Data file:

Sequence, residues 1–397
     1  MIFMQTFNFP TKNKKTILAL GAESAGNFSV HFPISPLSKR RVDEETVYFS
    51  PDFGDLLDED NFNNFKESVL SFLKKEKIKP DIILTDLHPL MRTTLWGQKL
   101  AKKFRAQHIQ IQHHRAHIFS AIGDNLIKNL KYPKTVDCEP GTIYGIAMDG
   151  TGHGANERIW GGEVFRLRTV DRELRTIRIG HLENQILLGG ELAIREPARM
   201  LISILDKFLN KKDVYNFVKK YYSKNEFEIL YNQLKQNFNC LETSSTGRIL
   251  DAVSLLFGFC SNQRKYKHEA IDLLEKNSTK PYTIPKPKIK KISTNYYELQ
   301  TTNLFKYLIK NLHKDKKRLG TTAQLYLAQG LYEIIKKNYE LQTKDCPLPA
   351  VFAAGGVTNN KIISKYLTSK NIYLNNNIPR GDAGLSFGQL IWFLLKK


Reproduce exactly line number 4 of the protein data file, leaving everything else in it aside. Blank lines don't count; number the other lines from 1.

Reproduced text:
   101  AKKFRAQHIQ IQHHRAHIFS AIGDNLIKNL KYPKTVDCEP GTIYGIAMDG